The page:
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Readers of the Blawg of the Sage of Virginia Beach are familiar with the David-Goliath Index in which Steve Emmert reports of the win-loss record of the “little guy” (typically a criminal defendant or solo plaintiff in a contact or tort case) against the “big guy” (the Commonwealth or the well-heeled corporation or insurance company).  That may be something of an oversimplification of how the index is calculated, but it’s the general idea.

Never wanting to appear unoriginal, but recognizing a good thing when I see it, the Virginia Appellate Attorney’s Court of Appeals of Virginia Blawg is proud to announce the Icarus Index.  The Icarus Index is, of course, a reference to the myth of Daedalus and Icarus.  In the most popular version of the tale, Daedalus, the craftsman who built the Labyrinth for King Minos, is later imprisoned there with his son Icarus as punishment for assisting Theseus in escaping the maze after defeating the Minotaur. To escape, Daedalus crafts two pairs of wings from feathers and wax.  After testing the wings himself, he gives the second pair to Icarus, admonishing him to follow the same flight path that Daedalus takes.

Most people know how the story ends.  Icarus, thrilled by the power of flight, disobeys his father and flies high into the sky, thinking to challenge Apollo, the Sun God.  Apollo punishes Icarus by melting the wax, causing the feathers to fall from the wings.  Icarus then plunges to the sea and drowns.

However, there is slightly more to the story. In his test flight, Daedalus realized that flying too high was dangerous because of the sun’s heat, but he also found that flying too close to the sea was dangerous as well because the moisture of the fog and spray would weigh the wings down, with the same result.  The myth is not so much about the hubris of excessive ambition, as it usually portrayed, as it is about following the mean path between the indolence of a lack of ambition and the hubris of overextending your reach.

Hence, I have conceived of the Icarus Index in which the goal is to portray the result of the appeals of right in the Court of Appeals in finalized case as either on or departing one way or another from the mean, with a slight modification in which I assume that Icarus actually succeeds in challenging Apollo.  I decided not to include original jurisdiction cases and pre-trial/interlocutory appeals (including bond appeals and injunctions) because it’s a bit more difficult to classify what the median path for those cases might be.  I will also not be including cases that are disposed of by unpublished orders because these cases are often dismissed for procedural reasons having nothing to do with the merits.

What the Icarus Index will cover are those case decided by opinions – both published and unpublished – and published orders from cases filed on or after January 1, 2022 (technically, the Court was closed on New Year’s Day, but the e-filing system was accepting submissions). The scale will be from 1-5, with the idea being that a “3” – the mean – is an “as expected result” for the appeal, which is of course an affirmance on the merits.  Some may argue that this is unfair, because it implies that most appeals lack merit – but that is not the case.  Rather, it is a recognition that the appellant always has the disadvantage of having to overcome a presumptively correct judgment, almost always with an unfavorable (from the appellant’s perspective) view of the evidence. Moreover, from a “orderly administration of justice” standpoint, we really should see reversals in a lot of cases — because that would mean the trial courts were not doing their job correctly with regularity.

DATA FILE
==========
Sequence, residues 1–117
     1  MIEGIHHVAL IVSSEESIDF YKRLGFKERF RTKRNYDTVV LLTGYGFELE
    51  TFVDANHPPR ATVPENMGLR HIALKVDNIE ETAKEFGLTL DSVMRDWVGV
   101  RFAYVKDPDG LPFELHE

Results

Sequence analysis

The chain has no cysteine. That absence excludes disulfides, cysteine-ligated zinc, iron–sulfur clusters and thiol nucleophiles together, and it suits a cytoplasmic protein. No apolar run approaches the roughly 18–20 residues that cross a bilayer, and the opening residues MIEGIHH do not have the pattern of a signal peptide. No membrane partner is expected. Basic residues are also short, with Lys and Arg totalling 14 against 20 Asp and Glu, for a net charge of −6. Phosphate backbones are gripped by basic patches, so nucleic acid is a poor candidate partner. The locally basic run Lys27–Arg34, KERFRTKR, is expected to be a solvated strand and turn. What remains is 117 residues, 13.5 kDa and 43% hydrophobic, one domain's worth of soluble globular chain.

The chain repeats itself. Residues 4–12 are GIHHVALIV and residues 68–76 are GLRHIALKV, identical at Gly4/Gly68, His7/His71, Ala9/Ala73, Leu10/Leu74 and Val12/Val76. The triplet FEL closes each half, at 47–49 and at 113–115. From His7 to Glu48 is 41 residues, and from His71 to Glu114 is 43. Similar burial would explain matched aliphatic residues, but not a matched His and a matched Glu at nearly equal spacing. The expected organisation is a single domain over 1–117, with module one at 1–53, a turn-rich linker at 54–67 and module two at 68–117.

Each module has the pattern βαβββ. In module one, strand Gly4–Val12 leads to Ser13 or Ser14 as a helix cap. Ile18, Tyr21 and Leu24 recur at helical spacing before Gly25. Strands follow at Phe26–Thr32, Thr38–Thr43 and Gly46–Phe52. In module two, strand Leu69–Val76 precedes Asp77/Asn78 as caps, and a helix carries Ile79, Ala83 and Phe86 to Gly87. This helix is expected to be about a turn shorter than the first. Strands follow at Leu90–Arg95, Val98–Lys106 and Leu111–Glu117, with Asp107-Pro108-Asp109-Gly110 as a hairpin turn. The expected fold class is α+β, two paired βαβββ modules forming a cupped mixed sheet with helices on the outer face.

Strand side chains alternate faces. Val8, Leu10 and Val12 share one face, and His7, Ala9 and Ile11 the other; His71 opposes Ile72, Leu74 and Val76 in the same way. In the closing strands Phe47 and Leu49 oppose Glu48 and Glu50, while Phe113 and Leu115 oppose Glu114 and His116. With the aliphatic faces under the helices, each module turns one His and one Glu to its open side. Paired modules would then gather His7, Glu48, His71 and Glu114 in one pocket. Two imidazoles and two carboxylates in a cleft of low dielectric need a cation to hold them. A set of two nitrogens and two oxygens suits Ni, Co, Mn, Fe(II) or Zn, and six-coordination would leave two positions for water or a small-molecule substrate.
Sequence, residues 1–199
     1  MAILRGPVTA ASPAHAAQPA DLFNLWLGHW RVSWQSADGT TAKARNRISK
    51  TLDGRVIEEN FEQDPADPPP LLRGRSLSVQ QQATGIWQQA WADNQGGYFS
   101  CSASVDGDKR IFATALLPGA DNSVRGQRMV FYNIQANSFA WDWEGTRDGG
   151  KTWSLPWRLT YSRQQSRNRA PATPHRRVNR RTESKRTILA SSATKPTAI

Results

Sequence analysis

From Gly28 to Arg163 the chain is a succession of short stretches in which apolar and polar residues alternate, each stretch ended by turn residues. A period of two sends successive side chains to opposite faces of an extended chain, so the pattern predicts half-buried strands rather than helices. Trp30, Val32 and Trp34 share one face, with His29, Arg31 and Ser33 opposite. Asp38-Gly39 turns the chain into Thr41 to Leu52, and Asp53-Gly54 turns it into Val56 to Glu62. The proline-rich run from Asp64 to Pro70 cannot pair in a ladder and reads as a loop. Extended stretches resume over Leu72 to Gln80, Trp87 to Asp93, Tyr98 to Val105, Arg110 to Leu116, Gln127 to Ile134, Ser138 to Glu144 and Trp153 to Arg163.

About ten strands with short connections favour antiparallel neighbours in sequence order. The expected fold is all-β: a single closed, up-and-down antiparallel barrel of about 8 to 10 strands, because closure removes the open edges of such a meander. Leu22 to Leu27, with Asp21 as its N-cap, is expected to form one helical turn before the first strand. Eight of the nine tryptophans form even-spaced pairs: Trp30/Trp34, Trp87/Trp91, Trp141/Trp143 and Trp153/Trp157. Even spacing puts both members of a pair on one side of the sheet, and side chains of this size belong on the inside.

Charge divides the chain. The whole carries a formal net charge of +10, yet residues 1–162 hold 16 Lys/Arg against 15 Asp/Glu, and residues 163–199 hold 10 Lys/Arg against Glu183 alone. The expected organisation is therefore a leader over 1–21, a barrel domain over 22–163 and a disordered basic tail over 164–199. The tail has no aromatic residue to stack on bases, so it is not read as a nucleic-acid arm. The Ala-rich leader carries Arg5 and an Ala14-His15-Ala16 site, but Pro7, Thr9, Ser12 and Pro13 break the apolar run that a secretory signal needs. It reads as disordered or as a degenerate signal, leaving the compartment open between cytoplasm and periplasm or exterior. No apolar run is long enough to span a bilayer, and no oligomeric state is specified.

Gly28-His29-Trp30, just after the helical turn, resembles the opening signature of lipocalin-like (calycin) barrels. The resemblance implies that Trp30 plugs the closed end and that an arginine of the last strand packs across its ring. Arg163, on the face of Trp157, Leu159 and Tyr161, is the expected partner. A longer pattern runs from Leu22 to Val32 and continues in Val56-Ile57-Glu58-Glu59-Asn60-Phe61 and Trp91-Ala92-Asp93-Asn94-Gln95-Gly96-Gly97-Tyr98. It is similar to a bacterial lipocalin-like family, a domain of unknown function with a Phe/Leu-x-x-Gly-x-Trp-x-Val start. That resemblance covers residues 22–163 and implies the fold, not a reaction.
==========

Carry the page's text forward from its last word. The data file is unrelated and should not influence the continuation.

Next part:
A “5” will be the best of all possible results for the appellant – a victory over the sun if you will.  In a “5,” the appellant will have achieved the illusive “reversed and final judgment.”  A “4” will be for those cases where the appellant lives to fight another day with a reversed and remanded. Below the mean will be the “2” cases, which will be those in which the appellant wins a pyrrhic victory, which might anything from a “right result, wrong reason” affirmance to a reversal that is merely procedural but really doesn’t give the appellant true solace because, well, it means a new trial with practically the same evidence.  Finally, a “1” is the worst possible outcome for the appellant – the equivalent of falling into the sea through lack of ambition – where an appeal is, for example, dismissed because of a procedural error that warrants a tongue-lashing from the Court or an affirmance in which the Court makes plain that the counsel’s lack of diligence sunk the appeal before it left the dock, such as a failure to assign error to an alternative basis for the judgment. A “.5” will be added or deducted from any opinion that has a dissent.

The expected Icarus index would be “3,” so the higher the index climes, the better the appellants are doing, and conversely, the lower it falls, the better for the appellees. It will take some time for the number of opinions and published orders to show any clear trends.  At the moment, there are only three decisions that fall within the criteria for the Icarus Index, and it stands at 2.33.  As more cases are decided, I will separate the Index into categories of case type as well as an overall.